Regardless of the application used other than Microsoft Office, when your electronic artwork is finalized, please 'Save as' or convert the images to one of the following formats (note the resolution requirements for line drawings, halftones, and line/halftone combinations given below):
EPS (or PDF): Vector drawings, embed all used fonts.
TIFF (or JPEG): Color or grayscale photographs (halftones), keep to a minimum of 300 dpi.
TIFF (or JPEG): Bitmapped (pure black and white pixels) line drawings, keep to a minimum of 1000 dpi.
TIFF (or JPEG): Combinations bitmapped line/half-tone (color or grayscale), keep to a minimum of 500 dpi.
Please do not:
• Supply files that are optimized for screen use (e.g., GIF, BMP, PICT, WPG); these typically have a low number of pixels and limited set of colors;
• Supply files that are too low in resolution;
• Submit graphics that are disproportionately large for the content.
Color Artwork
Please make sure that artwork files are in an acceptable format (TIFF (or JPEG), EPS (or PDF), or MS Office files) and with the correct resolution. HeartRhythm will no longer charge authors for color figures in print. For further information on the preparation of electronic artwork, please see http://www.elsevier.com/artworkinstructions.

Figure Captions

 
Ensure that each illustration has a caption. A caption should comprise a brief title and a description of the illustration. Keep text in the illustrations themselves to a minimum but explain all symbols and abbreviations used. Figure captions must be included in the manuscript file; the text of the caption should be editable.


Tables

 
Number tables consecutively in accordance with their appearance in the text. Each table should be included on a separate page and designed for economy of space and readability. Notes designated in the tables and all abbreviations should be defined in a footnote. Abbreviations should be identified in alphabetical order. Footnotes should be used in the following order: †, ‡, §, ¶, #. Avoid vertical rules. Be sparing in the use of tables and ensure that the data presented in tables do not duplicate results described elsewhere in the article.
References


Citation in text

 
Please ensure that every reference cited in text is also present in the reference list (and vice versa). Unpublished results and personal communications are not recommended in the reference list, but may be mentioned in the text in parentheses. Citation of a reference as 'in press' implies that the item has been accepted for publication.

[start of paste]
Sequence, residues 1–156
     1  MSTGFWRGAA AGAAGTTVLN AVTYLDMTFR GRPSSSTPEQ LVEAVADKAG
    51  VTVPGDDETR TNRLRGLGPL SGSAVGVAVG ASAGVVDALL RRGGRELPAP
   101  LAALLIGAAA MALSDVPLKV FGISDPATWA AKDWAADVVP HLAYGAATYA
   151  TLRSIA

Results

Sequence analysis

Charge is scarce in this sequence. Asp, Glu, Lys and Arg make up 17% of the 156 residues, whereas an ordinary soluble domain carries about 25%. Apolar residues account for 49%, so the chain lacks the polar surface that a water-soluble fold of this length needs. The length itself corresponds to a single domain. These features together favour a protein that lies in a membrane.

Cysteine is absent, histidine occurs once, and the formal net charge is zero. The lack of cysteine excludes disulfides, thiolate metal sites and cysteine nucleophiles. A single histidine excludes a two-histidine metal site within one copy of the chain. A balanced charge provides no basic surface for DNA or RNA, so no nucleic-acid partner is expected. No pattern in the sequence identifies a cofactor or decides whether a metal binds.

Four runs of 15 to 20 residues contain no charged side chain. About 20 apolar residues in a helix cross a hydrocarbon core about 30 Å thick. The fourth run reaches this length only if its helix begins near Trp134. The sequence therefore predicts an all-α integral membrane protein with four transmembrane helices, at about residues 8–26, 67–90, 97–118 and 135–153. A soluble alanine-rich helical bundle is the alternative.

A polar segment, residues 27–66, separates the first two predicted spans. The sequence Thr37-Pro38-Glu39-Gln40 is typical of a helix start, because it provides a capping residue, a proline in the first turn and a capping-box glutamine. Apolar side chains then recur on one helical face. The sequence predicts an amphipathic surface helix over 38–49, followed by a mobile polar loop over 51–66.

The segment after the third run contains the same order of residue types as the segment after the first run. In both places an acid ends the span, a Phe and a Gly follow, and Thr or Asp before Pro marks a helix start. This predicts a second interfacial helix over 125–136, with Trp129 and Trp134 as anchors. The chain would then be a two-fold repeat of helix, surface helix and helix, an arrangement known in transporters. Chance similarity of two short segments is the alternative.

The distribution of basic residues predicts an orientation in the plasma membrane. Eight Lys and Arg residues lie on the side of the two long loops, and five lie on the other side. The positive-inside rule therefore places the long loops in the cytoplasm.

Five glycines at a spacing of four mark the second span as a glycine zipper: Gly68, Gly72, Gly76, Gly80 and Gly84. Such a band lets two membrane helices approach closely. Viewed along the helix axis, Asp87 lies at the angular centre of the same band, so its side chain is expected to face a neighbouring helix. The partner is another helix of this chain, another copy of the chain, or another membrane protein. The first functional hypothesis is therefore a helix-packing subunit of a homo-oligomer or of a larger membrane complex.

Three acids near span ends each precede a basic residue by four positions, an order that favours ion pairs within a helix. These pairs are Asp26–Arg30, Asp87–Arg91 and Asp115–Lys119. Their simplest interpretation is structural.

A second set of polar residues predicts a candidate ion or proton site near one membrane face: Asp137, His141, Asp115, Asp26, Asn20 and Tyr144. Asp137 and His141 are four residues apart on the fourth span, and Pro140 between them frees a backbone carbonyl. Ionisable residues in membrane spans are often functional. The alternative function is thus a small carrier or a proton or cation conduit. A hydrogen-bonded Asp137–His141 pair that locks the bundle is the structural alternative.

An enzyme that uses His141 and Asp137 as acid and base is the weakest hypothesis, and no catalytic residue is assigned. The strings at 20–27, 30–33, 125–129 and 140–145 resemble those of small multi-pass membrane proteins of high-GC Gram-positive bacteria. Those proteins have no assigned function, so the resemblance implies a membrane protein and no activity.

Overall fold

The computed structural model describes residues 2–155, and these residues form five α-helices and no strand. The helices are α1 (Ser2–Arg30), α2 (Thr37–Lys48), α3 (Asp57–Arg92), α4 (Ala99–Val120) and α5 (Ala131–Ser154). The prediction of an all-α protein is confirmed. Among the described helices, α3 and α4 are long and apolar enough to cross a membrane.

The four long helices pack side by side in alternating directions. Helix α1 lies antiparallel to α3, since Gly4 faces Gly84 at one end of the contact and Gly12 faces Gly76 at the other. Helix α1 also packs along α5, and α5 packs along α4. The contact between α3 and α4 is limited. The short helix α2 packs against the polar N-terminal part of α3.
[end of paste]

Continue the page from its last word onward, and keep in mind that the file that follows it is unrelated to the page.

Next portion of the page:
Reference links

 
Increased discoverability of research and high quality peer review are ensured by online links to the sources cited. In order to allow us to create links to abstracting and indexing services, such as Scopus, CrossRef and PubMed, please ensure that data provided in the references are correct. Please note that incorrect surnames, journal/book titles, publication year and pagination may prevent link creation. When copying references, please be careful as they may already contain errors. Use of the DOI is highly encouraged.
A DOI is guaranteed never to change, so you can use it as a permanent link to any electronic article. An example of a citation using DOI for an article not yet in an issue is: VanDecar J.C., Russo R.M., James D.E., Ambeh W.B., Franke M. (2003). Aseismic continuation of the Lesser Antilles slab beneath northeastern Venezuela. Journal of Geophysical Research, https://doi.org/10.1029/2001JB000884. Please note the format of such citations should be in the same style as all other references in the paper.

Web References

 
As a minimum, the full URL should be given and the date when the reference was last accessed. Any further information, if known (DOI, author names, dates, reference to a source publication, etc.), should also be given. Web references can be listed separately (e.g., after the reference list) under a different heading if desired, or can be included in the reference list.

Data References

 
This journal encourages you to cite underlying or relevant datasets in your manuscript by citing them in your text and including a data reference in your Reference List. Data references should include the following elements: author name(s), dataset title, data repository, version (where available), year, and global persistent identifier. Add [dataset] immediately before the reference so we can properly identify it as a data reference. The [dataset] identifier will not appear in your published article.


Reference Style

 
Text: Indicate references by (consecutive) superscript Arabic numerals in the order in which they appear in the text. The numerals are to be used outside periods and commas, inside colons and semicolons.
List: Number the references in the list in the order in which they appear in the text. Please list the first 12 authors in each reference. If there are more than 12 authors, list the first 3 followed by et al. The references should be double spaced and use the same font size as the remainder of the manuscript.


Examples:

Reference to a journal publication:
1. Veltmann C, Papavassiliu T, Konrad T, Doesch C, Kuschyk J, Streitner F, Haghi D, Michaely HJ, Schoenberg SO, Borggrefe M, Wolpert C, Schimpf R. Insights into the location of type I ECG in patients with Brugada syndrome: correlation of ECG and cardiovascular magnetic resonance imaging. Heart Rhythm 2012;9:414-421.
2. Calkins H, Kuck KH, Cappato R, et al. 2012 HRS/EHRA/ECAS expert consensus statement on catheter and surgical ablation of atrial fibrillation: Recommendations for patient selection, procedural techniques, patient management and follow-up, definitions, endpoints, and research trial design. Heart Rhythm 2012;9:632-696.